Under the Login folder, run “Get Access Token”, which will connect to your TMC URL and use the CSP Refresh Token to generate an Access Token, this access token will be committed to a variable called “accessToken” for use with the other requests.

TMC API - Postman Collection - Login

You will also probably want to run the “Get Organisation ID” as some of the requests require your Org ID, so this will commit it to a variable. This is gathered by looking at the details for your given CSP Token.

Attach Cluster

If you are running the API to attach a new cluster. Then you will want to run the second request “Get TMC Agent Installer information” which will give you the Installer Link to run in your Kubernetes environment. This data will be written to a variable.

List Clusters

For most of the request that List information, you can use the query “?searchScope.name=” with the API call to filter for necessary objects, or you can use the wildcard value *. I’ve added most of the search filters and value formatters to the requests.

To get the full details for a particular named cluster, I have written the queries for specified clusters, this requires you to provide the management cluster and provisioner of that specified cluster in the query. Essentially it returns the same information as the “Get Clusters List” combined with the SearchScope filter.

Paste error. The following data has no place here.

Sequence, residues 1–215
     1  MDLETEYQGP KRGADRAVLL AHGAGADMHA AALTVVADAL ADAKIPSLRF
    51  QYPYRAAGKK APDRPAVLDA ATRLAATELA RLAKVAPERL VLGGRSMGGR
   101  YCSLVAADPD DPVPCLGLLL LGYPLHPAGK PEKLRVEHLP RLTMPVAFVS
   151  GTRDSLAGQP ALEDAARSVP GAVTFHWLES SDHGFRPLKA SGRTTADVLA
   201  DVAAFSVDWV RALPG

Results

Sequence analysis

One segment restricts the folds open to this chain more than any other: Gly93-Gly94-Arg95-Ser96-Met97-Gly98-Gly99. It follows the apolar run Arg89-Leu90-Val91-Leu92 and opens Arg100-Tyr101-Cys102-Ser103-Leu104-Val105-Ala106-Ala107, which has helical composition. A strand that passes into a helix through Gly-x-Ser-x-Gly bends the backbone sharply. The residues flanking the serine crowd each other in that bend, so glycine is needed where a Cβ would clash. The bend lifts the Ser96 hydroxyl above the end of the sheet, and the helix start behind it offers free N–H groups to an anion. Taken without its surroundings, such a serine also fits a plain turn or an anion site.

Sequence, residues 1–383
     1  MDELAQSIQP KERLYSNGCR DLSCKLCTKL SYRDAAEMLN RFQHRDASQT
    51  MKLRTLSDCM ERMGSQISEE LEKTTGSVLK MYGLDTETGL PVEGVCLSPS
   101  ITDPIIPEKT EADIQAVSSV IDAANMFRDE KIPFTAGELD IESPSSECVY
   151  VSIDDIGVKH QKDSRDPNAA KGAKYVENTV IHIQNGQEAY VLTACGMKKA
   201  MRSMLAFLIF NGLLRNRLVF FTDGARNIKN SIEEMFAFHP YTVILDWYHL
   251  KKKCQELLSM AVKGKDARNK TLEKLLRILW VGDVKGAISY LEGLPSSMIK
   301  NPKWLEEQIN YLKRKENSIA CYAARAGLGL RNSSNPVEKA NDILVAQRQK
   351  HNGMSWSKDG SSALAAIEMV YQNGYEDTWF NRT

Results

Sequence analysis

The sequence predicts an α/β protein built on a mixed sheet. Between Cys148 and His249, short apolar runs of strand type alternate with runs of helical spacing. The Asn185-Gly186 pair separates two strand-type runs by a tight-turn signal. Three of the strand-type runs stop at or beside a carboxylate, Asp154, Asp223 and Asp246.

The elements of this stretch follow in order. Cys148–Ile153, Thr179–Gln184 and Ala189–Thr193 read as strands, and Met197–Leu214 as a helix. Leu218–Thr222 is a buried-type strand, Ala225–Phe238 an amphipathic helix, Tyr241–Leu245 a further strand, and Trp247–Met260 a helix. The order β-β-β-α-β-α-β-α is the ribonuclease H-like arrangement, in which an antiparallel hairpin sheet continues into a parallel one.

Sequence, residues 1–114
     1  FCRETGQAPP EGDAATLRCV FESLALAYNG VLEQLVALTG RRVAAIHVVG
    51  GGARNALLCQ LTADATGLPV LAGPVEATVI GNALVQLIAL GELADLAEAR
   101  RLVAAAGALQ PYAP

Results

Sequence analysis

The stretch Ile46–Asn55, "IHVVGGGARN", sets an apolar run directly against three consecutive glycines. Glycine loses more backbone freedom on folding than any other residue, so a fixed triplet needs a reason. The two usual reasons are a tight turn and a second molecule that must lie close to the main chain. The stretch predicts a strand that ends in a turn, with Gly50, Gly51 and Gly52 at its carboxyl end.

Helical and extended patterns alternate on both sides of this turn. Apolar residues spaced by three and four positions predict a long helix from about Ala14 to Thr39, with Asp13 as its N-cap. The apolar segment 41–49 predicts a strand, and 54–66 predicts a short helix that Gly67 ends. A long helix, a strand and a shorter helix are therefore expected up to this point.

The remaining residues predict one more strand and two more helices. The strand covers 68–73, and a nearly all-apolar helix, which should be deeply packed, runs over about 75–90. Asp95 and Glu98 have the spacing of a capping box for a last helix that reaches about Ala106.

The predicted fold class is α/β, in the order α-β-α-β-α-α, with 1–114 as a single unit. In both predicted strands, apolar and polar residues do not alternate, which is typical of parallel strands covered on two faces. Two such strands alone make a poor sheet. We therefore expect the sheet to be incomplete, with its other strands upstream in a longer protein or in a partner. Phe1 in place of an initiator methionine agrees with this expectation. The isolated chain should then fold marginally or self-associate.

So, I won’t describe every set of requests I’ve created. I’ve tried to create these with the bare minimum information you need especially for the POST methods.

If you want to explore the APIs more, you can download an import the Swagger/Open API spec from VMware yourself and import into Postman, but personally I found this hard to work with, and the example bodies give you everything including the responses you won’t need for a POST.

If you’d like to contribute, please do this via the GitHub link!

Looking for more resources around TMC? Then you can check out my other blogs!

Tanzu Mission Control 
- Getting Started Tanzu Mission Control 
- Cluster Inspections 
- Workspaces and Policies  
- Data Protection 
- Deploying TKG clusters to AWS 
- Upgrading a provisioned cluster 
- Delete a provisioned cluster 
- TKG Management support and provisioning new clusters
- TMC REST API - Postman Collection
- Using custom policies to ensure Kasten protects a deployed application


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Postman – Logging in results in losing my offline work

The Issue

When working with Postman in an offline mode or not signed in, then choosing to sign in, you lose access to your Collections and Environments you have worked on previously.

The Cause

In later versions, Postman introduce the Scratchpad. This is an offline area where your data is saved to.

When you create a new account in the app, you should be presented an option to move your data from your scratchpad.

If you already have an account to log into, you do not seem to get this option.

The Fix
  • Within Postman application > Click the Settings Cog > Select “Scratch Pad”

Postman - Scratch Pad

So now you should be able to see your offline data. If you can, you need to manually export your data then change back to your workspace and import the data.

Postman - export collection

If you are still unable to find your data. I recommend you follow this article from the Postman support site on “how to recover my data”. I did not personally have much success with this method.